promotional materials, including chalkboards outside stores
and signs inside stores. The mark also appeared alongside the
ANDI scores of a variety of foods, including bulk foods,
produce, and prepared foods.
February or early March of 2010, ERF Managing Director
Rebecca Douglas-Clifford, traveling from New Zealand, visited
a Whole Foods store in San Francisco, California. She noticed
the "EatRight America" mark on "books, DVDs
and some promotional files, " but did not observe the
mark on any food products.
March 2010, Douglas-Clifford e-mailed Whole Foods counsel
Chris Graff and stated that, "[o]n a recent trip to San
Francisco I couldn't help but notice Whole Foods
'America's Healthiest Grocery Store' positioning
and their alliance with Eat Right America . . . fantastic to
see." In the same e-mail, Douglas-Clifford asked
Graff to discuss with Whole Foods officials the possibility
of "Whole Foods purchasing our EATRIGHT brand."
November 2010, ERF became aware that Nutritional Excellence
principal Kevin Leville was seeking to register the
"EATRIGHT AMERICA" mark for "a variety of food
products." Douglas-Clifford investigated and determined
that Nutritional Excellence was selling snack bars online,
but she did not discover that it had licensed use of the
"EatRight America" mark to Whole Foods. ERF opposed
Leville's registration before the Trademark Trial and
Appeal Board (TTAB) from October 2011 through April 2013,
arguing that use of the mark would confuse consumers.
February or March of 2011, Douglas-Clifford visited two Whole
Foods stores. This time, she noticed the "EatRight
America" mark on "a wide variety of food
products." But it was not until the following September
that she contacted Graff to discuss what she described as
Whole Foods' "infringement" of her
company's trademark, and Graff told her to "look to
Nutritional Excellence for a remedy." Douglas-Clifford
instead proposed that Graff "approach Whole Foods to
inquire whether Whole Food[s] would agree to purchase our
rights in the brand EATRIGHT, " and he told her he would
talk to Whole Foods and "get back to" her.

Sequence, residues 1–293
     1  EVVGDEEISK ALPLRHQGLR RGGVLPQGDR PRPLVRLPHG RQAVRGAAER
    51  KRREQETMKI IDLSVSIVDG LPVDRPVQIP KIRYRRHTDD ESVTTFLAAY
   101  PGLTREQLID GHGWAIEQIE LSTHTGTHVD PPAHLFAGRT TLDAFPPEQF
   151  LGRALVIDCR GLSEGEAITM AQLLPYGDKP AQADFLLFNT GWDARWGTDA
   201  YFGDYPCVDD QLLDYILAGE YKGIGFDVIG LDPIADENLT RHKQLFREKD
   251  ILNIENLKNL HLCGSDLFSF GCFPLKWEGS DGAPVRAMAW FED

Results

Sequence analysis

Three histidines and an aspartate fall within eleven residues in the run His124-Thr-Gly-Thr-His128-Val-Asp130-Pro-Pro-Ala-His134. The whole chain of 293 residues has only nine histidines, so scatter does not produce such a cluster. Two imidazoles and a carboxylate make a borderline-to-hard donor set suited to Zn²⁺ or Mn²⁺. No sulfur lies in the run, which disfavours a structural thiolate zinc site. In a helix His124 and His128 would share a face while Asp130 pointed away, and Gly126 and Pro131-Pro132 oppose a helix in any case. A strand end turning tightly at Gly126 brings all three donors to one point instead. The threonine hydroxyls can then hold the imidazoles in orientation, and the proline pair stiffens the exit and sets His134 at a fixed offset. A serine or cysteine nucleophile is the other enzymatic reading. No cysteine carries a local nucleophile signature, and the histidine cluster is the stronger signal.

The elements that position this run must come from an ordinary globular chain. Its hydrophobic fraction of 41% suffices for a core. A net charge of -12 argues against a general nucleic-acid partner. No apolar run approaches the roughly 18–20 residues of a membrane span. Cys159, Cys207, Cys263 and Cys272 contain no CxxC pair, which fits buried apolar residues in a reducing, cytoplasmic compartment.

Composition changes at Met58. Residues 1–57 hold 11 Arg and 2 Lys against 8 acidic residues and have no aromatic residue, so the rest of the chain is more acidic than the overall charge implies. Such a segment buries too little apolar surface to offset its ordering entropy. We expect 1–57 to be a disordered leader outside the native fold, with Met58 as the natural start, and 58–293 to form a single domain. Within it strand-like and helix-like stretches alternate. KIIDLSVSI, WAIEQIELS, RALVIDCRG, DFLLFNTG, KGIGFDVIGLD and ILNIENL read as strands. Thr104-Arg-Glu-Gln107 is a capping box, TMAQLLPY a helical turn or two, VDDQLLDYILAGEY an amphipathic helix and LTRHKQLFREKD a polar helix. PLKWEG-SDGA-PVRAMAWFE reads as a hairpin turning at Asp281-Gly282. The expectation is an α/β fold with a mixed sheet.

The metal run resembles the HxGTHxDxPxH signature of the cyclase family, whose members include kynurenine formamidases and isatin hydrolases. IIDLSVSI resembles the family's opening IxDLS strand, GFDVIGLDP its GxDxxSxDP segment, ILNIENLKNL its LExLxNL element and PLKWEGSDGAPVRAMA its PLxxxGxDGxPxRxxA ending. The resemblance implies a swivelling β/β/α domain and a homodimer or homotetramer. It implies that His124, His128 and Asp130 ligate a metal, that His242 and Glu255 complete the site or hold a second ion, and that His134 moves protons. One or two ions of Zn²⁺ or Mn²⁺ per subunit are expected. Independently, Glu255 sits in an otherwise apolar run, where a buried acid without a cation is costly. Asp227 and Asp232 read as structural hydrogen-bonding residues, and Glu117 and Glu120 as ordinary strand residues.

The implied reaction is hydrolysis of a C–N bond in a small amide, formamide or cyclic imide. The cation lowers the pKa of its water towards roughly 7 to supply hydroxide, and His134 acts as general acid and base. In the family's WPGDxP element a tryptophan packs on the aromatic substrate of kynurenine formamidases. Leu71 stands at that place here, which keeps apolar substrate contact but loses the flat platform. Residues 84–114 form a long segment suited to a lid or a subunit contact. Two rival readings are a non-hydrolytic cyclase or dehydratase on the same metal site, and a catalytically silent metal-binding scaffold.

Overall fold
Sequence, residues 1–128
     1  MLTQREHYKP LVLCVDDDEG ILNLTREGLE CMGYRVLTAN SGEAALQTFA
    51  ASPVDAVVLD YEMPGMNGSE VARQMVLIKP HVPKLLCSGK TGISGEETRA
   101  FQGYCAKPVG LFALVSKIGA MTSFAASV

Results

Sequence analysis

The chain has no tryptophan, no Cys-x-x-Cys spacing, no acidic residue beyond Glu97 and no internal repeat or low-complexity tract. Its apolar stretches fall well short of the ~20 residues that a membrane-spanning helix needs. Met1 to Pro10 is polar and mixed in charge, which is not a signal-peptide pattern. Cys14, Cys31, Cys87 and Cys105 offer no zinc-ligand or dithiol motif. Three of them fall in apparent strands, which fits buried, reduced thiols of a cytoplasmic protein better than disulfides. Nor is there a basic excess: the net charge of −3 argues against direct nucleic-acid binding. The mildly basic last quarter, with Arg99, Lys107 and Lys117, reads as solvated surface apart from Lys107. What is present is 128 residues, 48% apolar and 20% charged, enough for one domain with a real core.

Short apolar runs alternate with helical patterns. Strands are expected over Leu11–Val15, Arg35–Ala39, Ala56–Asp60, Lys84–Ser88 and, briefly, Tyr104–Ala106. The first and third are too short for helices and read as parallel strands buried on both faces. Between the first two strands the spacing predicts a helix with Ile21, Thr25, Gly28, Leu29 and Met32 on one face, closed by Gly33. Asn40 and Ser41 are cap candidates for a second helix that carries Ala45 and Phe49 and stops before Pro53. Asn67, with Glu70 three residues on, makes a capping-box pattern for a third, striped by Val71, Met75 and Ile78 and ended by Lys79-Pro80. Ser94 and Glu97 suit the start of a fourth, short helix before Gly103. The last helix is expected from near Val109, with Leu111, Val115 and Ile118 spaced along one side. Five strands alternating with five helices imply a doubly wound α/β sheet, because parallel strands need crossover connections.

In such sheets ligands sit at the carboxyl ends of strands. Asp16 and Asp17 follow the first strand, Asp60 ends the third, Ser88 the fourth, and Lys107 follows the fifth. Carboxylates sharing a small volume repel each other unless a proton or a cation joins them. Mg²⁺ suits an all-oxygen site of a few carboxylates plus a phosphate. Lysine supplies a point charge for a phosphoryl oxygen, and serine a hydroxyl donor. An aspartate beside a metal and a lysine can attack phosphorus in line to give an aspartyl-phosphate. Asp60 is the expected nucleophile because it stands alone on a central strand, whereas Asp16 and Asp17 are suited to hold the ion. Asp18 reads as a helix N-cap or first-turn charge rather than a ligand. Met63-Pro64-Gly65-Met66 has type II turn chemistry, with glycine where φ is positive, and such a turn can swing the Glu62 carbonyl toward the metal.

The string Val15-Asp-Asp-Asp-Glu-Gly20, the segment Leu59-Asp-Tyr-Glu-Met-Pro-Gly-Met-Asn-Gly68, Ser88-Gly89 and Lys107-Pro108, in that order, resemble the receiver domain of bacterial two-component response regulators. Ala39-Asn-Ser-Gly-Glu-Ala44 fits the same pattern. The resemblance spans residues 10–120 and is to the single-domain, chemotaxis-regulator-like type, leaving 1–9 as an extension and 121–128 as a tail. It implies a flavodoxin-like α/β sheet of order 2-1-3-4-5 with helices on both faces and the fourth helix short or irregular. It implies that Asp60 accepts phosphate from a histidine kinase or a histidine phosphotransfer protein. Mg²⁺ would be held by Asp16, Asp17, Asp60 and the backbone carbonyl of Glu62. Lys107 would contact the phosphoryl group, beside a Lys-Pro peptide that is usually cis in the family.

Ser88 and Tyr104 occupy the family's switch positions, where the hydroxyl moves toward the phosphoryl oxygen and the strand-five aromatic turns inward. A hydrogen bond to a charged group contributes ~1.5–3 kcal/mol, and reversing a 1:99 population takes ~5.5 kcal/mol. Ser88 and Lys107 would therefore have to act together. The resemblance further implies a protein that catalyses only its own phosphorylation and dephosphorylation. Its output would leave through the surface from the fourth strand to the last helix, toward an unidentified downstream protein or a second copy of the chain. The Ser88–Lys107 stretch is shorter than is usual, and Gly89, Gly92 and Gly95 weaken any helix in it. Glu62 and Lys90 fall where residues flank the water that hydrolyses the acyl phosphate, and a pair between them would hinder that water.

February 2012, ERF counsel James Martin began communicating
with Graff about Whole Foods' alleged infringement. On
April 4, 2012, ERF sent Whole Foods a cease-and-desist letter
asserting that ERF owned the rights to the
"EATRIGHT" mark and Whole Foods had been using
"a confusingly similar mark."
April 20, 2012, Graff responded that Whole Foods' use of
the mark was licensed by Nutritional Excellence, but that
because Whole Foods had "no desire to become involved in
a trademark dispute" with ERF, it would "agree to
cease its use of the designation Eat Right America" by
the end of the year. The first line of the e-mail read
"PRIVILEGED SETTLEMENT NEGOTIATIONS UNDER FED. R. EVID.
and Martin corresponded or spoke on the phone about the
matter multiple times in April and June 2012. They discussed
different options for resolving the dispute, including the
possibility of Whole Foods funding ERF's legal battle
against Nutritional Excellence or acquiring ERF's brand.
Martin followed up with Graff in July and August.
September 26, 2012, Martin sent Graff a letter reiterating
ERF's objection to Whole Foods' use of "EatRight
America" and stating that despite Whole Foods'
assurances that the mark was no longer in use, it was
"continuing to be used widely in Whole Foods
stores." The letter requested that Whole Foods
"give serious consideration to acquisition of the
EATRIGHT brand, " or "confirm that it will
immediately cease all use of the infringing" mark.
October 9, 2012, Graff told Martin via e-mail that Whole
Foods was "not interested in pursuing a possible
acquisition of your client's EATRIGHT brand at this
November and December 2012, Douglas-Clifford corresponded
with Whole Foods' Vice President of Business Development
"regarding a potential brand purchase as a way to
resolve outstanding infringement claims." In January
2013, Martin sent Graff a letter requesting that Whole Foods
confirm that it had ceased using the "EatRight
America" mark in stores. The next month, Graff repeated
that Whole Foods was "not interested in pursuing"
an acquisition of ERF's ...